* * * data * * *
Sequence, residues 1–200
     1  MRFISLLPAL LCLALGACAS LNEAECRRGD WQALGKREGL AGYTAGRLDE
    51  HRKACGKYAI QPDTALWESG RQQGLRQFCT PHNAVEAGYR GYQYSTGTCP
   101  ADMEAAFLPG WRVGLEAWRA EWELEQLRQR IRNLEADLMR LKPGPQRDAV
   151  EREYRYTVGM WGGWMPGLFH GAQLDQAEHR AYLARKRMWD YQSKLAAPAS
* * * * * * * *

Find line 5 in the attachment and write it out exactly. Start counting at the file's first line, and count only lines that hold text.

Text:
   151  EREYRYTVGM WGGWMPGLFH GAQLDQAEHR AYLARKRMWD YQSKLAAPAS